I just got a Kolor Panogear panoramic head to be tested for Panoramic Infrared Reflectography. I definitely welcome companies to send me their products for evaluation for the specific tasks of art examination.
Panoramic photography can be performed using an automatic panoramic head, which can be programmed to rotate the camera around the entrance pupil of the lens. Doing panoramic photography with automatic heads has indisputable advantages: no risk to miss a shot, precise movements, speed, total automatization of the shooting process. I have tried some budget panoramic heads, which despite being affordable, provide precise movement and can be programmed to acquire images with sufficient accuracy and overlapping for the stitching process.
I’m a Gigapan EPIC Pro user. This is the sturdiest model from Gigapan.com and comes with the most accessories. This head is recommended if the intent is to also use it for applications other than infrared reflectography, specifically, in the case where the lenses and cameras required are heavy and bulky. Indeed, it boasts the sturdiest configuration with two arms holding the platform for the camera and plenty of room to accommodate larger camera and lens systems. I also own a Gigapan EPIC 100, which I use for works that require much more mobility. This model has fewer features than the EPIC Pro and accommodates a lighter equipment payload. Though, it can still be used successfully for Panoramic Infrared Reflectography with lightweight InGaAs cameras such as the Xenics Bobcat 640.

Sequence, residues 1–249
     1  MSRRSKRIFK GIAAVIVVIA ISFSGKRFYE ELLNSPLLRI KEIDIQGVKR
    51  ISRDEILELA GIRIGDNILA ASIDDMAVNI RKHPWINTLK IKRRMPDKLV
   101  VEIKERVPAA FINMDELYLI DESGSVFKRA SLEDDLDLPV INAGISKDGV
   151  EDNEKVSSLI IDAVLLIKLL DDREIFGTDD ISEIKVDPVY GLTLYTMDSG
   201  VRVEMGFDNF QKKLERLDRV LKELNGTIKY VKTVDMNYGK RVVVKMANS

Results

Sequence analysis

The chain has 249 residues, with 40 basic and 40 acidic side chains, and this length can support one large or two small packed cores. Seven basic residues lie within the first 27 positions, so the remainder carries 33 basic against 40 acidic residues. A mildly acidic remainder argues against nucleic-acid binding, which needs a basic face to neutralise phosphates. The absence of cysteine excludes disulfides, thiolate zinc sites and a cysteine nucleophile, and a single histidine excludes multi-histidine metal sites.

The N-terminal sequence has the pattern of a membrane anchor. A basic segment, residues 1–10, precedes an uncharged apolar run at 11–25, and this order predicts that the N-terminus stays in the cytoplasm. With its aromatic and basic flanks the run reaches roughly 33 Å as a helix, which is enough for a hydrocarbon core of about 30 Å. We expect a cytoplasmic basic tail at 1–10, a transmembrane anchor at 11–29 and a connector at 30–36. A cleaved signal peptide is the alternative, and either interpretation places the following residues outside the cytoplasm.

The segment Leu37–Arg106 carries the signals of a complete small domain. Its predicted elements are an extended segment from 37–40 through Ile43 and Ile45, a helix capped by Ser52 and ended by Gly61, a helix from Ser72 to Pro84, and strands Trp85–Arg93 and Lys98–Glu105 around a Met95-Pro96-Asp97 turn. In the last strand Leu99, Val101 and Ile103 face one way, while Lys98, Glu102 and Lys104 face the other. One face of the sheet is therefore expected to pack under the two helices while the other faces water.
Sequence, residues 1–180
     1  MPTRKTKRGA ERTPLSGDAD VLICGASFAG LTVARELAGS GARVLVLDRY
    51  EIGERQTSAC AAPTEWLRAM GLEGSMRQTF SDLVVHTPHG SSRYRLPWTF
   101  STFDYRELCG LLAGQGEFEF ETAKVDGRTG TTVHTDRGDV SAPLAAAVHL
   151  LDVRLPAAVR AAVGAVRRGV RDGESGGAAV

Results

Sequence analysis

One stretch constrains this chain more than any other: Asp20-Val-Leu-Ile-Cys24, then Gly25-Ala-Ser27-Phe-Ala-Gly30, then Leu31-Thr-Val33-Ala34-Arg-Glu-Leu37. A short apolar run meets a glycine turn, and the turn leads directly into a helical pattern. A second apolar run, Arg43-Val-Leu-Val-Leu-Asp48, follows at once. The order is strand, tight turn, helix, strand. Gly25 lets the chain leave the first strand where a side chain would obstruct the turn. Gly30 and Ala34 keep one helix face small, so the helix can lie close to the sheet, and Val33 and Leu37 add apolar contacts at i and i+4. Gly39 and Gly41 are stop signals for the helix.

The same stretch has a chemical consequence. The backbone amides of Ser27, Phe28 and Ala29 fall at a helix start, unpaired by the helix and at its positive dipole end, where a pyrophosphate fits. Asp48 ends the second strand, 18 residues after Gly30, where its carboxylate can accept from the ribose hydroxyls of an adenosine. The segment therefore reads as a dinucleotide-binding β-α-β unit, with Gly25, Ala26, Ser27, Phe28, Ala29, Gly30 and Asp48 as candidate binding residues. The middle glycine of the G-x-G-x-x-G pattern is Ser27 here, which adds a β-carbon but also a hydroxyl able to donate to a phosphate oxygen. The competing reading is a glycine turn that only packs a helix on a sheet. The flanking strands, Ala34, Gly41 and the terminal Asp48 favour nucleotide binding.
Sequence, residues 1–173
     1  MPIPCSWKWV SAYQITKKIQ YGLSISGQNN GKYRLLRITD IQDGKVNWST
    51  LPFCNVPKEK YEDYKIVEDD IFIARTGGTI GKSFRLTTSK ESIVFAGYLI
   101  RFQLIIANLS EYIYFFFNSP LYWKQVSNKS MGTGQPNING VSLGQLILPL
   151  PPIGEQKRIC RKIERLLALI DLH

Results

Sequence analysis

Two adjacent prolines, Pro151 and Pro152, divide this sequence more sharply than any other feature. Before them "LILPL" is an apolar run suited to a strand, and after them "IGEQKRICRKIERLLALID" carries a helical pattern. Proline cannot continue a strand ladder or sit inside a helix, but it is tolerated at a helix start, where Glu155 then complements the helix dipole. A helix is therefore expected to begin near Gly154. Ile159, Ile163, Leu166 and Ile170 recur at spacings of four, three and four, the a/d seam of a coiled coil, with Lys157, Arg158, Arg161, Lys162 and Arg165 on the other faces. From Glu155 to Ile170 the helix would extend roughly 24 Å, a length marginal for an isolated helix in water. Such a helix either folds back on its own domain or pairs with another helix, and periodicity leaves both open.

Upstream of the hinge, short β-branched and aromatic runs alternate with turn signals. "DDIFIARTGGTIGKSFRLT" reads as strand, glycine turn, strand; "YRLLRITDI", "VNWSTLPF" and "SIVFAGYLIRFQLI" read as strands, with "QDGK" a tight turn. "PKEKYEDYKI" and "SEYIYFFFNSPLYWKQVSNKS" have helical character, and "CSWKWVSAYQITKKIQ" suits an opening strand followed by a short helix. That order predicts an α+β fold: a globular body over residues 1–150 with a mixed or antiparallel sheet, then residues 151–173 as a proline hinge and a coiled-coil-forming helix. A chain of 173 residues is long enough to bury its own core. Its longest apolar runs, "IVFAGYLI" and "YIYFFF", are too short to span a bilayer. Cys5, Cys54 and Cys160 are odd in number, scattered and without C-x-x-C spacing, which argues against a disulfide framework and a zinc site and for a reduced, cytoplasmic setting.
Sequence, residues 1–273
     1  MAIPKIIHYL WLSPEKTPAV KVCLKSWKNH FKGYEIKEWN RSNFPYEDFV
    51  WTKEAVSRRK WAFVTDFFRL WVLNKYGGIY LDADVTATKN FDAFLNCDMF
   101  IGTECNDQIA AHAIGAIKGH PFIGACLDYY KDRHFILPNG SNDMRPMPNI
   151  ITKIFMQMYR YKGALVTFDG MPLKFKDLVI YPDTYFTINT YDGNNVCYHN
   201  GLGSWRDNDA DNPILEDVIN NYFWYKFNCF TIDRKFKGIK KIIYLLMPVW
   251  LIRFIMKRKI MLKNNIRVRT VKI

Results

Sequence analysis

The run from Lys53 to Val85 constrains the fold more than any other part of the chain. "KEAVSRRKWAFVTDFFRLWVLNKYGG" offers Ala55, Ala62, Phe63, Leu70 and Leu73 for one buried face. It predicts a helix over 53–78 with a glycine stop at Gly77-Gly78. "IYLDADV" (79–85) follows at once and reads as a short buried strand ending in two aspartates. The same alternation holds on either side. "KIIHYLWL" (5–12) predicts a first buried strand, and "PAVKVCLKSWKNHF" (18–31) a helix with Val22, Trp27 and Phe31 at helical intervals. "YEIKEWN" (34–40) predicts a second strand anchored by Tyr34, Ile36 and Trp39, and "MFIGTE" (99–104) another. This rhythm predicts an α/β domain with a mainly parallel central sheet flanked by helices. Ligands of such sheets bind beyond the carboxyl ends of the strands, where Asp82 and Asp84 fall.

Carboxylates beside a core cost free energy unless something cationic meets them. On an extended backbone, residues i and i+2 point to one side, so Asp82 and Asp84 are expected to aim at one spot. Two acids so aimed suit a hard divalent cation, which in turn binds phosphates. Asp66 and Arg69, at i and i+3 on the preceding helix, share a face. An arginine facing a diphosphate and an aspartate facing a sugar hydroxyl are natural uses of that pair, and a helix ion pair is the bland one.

When I got the Kolor Panogear I was curious to try its totally wireless controls. It was interesting to be able to move the head and set all the panorama’s parameters on the ipad – it also works on a smartphone. The learning curve is a bit longer than with other pano heads. I like its compact form factor. This head differentiates itself from its corresponding model, the Gigapan EPIC Pro, due to its lateral arm mount. This setup has the advantage of being more lightweight, but it has decreased control over the position of the entrance pupil if a bulky camera and lens is used. For panoramas of distant objects, over 10 meters, the entrance pupil precision is not relevant, as it is for close objects, to avoid the occurrence of parallax errors. For painting documentation, it is not an issue since the surface of the object being imaged is mostly flat. Modern InGaAs cameras with an extremely small form factor, such as the Xenics Bobcat line of cameras, can be correctly accommodated. When imaging with a DSLR camera, a vertical set up of the camera itself can help achieve a more correct positioning of the lens pupil. While the Panogear and the Epic Pro would be equivalent in term of panoramic infrared reflectography, the Panogear head features wireless communication with computers, smartphones and tablets, either over a wifi network or over the internet. This option would be particularly useful for applications where remote monitoring and control of the head is advisable.